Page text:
Where All The Children Are Above Average


No, not Lake Wobegon, we’re talking about Finland.  A recent study found that Finnish children under the age of 10 were remarkably astute investors, outperforming regular investors by as much as 9 basis points per day, excess returns equivalent to 20% on an annualized basis.  The study indicated that toddlers were particularly adept at anticipating major earnings announcements and takeover announcements.

In an article due to be published in the Journal of Finance, Henk Berkman of the University of Auckland, Paul Koch of the University of Kansas and Joakim Westerholm of the University of Sydney, were able to correlate trading records with personal information through the cooperation of Euroclear Finland.   The study, titled “Informed Trading through the Accounts of Children” examined data from 1995 to 2010.

The authors found that under-aged account holders exhibit superior stock-picking skills on both the buy side and the sell side over the days immediately following trades. They significantly outperform older investors by an average of 9 basis points (bp) based on all trades made one day earlier, by 7 bp based on trades two days earlier, by another 5 bp for trades three days earlier, and by an average of 2 bp per day for previous trades made over days -4 through -10.  Finnish children rival U.S. Congressmen in their stock picking abilities.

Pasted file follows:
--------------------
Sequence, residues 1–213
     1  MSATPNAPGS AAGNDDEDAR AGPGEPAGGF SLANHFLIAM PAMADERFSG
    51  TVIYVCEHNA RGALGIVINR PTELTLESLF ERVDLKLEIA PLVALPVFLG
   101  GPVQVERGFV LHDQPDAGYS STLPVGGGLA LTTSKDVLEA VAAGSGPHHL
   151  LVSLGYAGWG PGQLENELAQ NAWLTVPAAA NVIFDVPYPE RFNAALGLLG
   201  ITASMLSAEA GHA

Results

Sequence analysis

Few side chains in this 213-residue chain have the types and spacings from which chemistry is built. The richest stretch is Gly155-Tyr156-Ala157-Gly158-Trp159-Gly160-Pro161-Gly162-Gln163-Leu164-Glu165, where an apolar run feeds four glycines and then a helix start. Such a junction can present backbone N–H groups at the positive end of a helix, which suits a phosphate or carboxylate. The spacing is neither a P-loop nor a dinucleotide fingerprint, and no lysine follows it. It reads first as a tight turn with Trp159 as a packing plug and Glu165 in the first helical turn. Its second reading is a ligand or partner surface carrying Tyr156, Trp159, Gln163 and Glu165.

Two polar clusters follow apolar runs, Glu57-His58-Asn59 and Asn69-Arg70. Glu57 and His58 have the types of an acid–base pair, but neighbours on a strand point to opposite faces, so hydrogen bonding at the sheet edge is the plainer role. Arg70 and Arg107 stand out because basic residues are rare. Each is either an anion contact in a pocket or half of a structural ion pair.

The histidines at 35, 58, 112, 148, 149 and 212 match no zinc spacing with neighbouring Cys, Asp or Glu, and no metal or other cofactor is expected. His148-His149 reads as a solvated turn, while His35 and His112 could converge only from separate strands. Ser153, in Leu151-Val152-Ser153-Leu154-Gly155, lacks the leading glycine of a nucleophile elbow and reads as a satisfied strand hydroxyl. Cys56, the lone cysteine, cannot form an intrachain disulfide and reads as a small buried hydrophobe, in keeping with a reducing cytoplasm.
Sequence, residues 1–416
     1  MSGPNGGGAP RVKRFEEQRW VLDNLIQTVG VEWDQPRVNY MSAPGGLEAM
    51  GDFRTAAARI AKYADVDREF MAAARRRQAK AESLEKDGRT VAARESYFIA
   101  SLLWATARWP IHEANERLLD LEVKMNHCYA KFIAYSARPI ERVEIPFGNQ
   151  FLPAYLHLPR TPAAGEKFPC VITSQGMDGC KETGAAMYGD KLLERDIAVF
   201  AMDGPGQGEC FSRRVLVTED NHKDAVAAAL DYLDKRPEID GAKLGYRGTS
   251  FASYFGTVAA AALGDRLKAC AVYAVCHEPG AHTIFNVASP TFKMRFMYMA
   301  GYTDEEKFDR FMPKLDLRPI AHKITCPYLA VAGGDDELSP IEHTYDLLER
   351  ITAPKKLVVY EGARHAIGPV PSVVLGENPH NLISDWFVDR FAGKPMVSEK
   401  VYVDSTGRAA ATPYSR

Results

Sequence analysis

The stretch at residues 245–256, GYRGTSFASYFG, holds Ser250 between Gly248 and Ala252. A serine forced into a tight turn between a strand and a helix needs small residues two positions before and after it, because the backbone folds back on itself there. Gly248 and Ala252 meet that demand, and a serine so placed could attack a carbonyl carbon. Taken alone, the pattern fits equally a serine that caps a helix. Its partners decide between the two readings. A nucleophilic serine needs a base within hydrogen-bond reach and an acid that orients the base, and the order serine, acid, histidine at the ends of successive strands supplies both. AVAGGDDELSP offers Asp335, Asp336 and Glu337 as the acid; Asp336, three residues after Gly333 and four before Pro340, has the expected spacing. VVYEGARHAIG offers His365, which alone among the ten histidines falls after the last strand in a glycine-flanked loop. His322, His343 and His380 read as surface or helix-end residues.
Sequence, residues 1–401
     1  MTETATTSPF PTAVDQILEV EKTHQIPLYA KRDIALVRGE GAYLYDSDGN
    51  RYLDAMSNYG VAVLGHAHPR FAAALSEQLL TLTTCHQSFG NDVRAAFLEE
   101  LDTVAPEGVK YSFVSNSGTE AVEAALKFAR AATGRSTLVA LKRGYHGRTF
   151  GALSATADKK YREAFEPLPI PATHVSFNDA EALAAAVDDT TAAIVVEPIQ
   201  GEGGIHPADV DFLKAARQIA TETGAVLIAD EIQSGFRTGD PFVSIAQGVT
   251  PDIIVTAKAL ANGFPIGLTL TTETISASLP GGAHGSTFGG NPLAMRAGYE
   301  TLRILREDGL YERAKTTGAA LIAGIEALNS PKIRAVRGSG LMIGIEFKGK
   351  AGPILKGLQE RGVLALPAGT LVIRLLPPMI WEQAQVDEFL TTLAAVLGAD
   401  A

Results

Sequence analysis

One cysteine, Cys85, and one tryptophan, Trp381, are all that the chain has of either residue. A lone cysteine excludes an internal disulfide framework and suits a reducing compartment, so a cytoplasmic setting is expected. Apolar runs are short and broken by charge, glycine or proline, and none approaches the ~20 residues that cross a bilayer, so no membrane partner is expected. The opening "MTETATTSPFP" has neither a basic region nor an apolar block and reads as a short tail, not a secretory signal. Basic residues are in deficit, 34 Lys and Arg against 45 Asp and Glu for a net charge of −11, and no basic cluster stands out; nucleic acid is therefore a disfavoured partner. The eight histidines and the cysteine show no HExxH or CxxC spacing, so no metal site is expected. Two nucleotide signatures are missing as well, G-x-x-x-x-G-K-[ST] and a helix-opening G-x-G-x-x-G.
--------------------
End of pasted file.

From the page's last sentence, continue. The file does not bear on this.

The authors concluded that the successful trading “likely stems from superior private information that is about to become public” in other words, insider trading.  On the day before major earnings announcements, young account holders trade in the correct direction 57% of the time.  Their batting average was even better for the day before takeover announcements:  their proportion of correct trades was 72%.

As quoted in an posting on GuruFocus, the study authors doubt that the phenomenon is limited to Finland and believe that if the study were replicated in other major markets, the results would be similar.  They encourage the SEC to monitor successful accounts belonging to children.


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